Congress' role in war is more for show
© St. Petersburg Times
WASHINGTON -- When it comes to matters of war, Congress is almost useless.
No president is ever going to ask members of Congress for consent to wage war unless he knows he already has their support. And no Congress is going to deny the White House such a request if the president is willing to stake his reputation on it.
This is the truth that has been overlooked by President Bush's many critics, who argue that he cannot launch an attack against Iraq without getting congressional approval. They would have us believe that what Congress does in this case really matters, even though they are woefully short on historical precedent.
I am not suggesting that Bush should simply ignore the sentiments of members of Congress. But I caution you not to put too much stock in what Congress does in reaction to the president's plan for a pre-emptive strike on Iraq. Bush has far more sway over Congress on this subject than he does on most other issues.
When the framers of the Constitution gave Congress the power to declare war, they knew from experience what it was like to undertake a war without the complete support of the people. The colonies still had plenty of citizens who were loyal to King George. The founding fathers decided that proponents of any war should be required to make their case, and that remains true today.
But the framers could never have anticipated the kind of warfare the United States is facing today. In the 18th century, it was inconceivable that fewer than two dozen men armed with box cutters would or could deliver a deadly surprise attack on the most heavily armed nation in the world.
While war is no less controversial now than it was when the country was founded, the character of modern conflict calls for more leadership by the president than was envisioned by the framers. Now, when the executive branch determines that the country is in imminent danger, the president must act quickly.
Members of Congress have long recognized this fact of modern life. As unpopular as the war in Vietnam became, Congress never intervened. The 1973 War Powers Resolution, which was designed to restore some balance between the executive and legislative branches on this subject, asked only for notification of Congress whenever American combatants were deemed by the president to be in harm's way.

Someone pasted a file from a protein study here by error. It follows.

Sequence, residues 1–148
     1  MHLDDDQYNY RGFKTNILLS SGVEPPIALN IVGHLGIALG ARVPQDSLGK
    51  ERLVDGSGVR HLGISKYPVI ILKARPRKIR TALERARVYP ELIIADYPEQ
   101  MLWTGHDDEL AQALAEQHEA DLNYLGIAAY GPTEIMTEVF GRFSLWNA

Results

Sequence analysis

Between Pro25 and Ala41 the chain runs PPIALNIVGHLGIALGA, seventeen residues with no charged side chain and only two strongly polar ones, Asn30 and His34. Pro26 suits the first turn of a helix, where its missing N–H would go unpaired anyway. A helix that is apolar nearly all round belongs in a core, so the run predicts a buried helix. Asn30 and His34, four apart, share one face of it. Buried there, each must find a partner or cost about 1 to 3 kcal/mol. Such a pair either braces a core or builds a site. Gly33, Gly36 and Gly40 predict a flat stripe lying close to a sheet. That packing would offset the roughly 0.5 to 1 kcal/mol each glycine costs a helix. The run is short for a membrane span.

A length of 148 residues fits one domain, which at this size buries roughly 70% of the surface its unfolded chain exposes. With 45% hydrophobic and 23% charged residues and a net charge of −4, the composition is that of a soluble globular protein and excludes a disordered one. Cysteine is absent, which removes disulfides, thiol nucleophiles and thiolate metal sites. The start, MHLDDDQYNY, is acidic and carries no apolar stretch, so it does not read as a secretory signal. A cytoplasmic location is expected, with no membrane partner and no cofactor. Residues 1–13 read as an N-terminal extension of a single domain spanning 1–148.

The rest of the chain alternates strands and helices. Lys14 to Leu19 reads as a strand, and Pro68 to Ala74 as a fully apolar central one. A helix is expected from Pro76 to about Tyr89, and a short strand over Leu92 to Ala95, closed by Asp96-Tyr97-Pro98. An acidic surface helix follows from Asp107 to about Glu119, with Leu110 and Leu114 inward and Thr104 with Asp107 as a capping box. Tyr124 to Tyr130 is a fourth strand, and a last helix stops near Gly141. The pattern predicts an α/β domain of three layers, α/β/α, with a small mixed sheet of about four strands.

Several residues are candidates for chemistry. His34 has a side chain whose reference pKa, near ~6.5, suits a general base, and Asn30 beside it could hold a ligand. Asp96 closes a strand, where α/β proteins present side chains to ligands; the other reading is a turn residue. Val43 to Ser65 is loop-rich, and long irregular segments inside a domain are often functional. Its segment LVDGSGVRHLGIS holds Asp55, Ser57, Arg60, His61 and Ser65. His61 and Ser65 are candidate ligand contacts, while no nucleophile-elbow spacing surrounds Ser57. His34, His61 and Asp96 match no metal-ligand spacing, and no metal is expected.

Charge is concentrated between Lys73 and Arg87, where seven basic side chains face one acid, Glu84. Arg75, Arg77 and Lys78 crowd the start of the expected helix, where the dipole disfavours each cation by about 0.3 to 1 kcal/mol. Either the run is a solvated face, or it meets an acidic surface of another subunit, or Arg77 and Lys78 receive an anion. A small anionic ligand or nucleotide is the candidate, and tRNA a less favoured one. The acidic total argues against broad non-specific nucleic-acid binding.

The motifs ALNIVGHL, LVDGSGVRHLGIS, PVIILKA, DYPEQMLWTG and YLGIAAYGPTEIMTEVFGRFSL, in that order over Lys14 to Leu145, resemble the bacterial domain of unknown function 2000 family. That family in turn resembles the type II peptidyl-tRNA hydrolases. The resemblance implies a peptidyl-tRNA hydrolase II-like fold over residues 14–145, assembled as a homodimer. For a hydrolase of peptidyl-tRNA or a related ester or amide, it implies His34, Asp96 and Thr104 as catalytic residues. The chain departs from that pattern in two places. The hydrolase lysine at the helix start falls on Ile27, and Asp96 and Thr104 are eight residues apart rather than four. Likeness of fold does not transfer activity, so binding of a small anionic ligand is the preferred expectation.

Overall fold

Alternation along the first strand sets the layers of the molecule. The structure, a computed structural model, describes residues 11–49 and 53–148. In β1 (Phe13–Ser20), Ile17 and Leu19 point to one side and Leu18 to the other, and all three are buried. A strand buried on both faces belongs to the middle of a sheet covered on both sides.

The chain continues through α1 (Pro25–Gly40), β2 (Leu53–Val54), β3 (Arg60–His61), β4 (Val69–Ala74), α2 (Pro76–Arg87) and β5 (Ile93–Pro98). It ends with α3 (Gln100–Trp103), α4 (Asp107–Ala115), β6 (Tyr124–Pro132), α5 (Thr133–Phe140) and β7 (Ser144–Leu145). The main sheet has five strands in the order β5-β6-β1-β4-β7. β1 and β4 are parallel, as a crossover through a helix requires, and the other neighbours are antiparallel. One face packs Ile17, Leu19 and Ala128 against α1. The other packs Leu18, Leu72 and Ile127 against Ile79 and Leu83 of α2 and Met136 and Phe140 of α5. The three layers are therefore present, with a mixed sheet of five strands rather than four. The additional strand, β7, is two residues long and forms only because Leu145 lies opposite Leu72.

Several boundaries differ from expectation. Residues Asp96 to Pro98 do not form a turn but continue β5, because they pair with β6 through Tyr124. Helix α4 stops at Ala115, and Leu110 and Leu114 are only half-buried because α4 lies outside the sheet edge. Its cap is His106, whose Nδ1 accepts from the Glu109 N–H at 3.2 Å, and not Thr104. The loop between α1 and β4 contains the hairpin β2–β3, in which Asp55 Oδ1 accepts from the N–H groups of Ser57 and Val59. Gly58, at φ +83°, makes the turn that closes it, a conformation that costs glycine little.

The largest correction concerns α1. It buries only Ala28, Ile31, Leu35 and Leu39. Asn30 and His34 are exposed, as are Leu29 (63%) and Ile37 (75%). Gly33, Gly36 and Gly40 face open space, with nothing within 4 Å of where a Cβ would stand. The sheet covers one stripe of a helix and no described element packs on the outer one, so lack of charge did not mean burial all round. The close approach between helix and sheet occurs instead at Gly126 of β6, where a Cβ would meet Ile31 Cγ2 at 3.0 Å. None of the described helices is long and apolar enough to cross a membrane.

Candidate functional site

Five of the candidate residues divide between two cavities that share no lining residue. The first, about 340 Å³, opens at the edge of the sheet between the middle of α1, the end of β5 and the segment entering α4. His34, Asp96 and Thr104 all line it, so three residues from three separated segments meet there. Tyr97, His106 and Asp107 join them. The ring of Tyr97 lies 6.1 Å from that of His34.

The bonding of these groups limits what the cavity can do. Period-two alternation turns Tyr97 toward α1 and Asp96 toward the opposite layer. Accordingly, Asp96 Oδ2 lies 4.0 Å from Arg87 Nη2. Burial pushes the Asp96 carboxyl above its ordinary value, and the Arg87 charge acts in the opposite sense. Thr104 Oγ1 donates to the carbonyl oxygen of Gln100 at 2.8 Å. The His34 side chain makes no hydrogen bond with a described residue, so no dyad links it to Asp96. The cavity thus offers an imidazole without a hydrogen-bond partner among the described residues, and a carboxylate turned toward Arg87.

And when presidents failed to comply with the war powers resolution, there was no penalty. In fact, no president has ever acknowledged a binding legal obligation to comply with that law, even though it remains on the books.
The truth is Congress does not want the power to declare war.
Members of Congress want the right to criticize and second-guess the president's decisions, but they do not want to be held accountable for any loss of American lives on the battlefield.
Perhaps it was easier for members of Congress to take principled stands on issues of war and peace before the advent of the career politician. It does not pay for members who want to make a career of Congress to get out in front either opposing or proposing a military response to foreign aggression.
For career politicians in Congress, the only wise option -- especially with an election looming just two months away -- is to reserve judgment. That is why Republicans and Democrats alike are saying they have not made up their minds. That is why they are urging Bush to make a better case for attacking Iraq.
If there were any political opportunity in rejecting Bush's proposal, the Democrats would have already seized it. But the American people would have to be strongly against it for these representatives to step out of the shadows.
Career politicians in Congress are very careful never to cast a vote that can be ridiculed by a potential election opponent in a 30-second television advertisement. Thus no one in Congress wants to go on record supporting a foreign war unless he or she is certain that a substantial majority will take the same position, giving them political cover.
Of course, any president would love to have Congress' approval before he undertakes a risky move such as attacking Iraq. But he cannot simply ask for congressional support, because that would be giving the president's critics an opportunity to grandstand. Instead, the president must create a climate in which members of Congress feel politically safe to back such an attack.
This is exactly what Bush's father did before launching the Persian Gulf War. Initially, he declared he did not need congressional approval. That caused members of Congress to demand a vote. Then the president waited to make certain he had enough votes for war before he formally requested it.
Therefore, what Congress and the current President Bush are doing is little more than a political minuet designed to produce a predictable outcome. Probably the only real purpose Congress serves in this situation is to force Bush to better explain his intentions.
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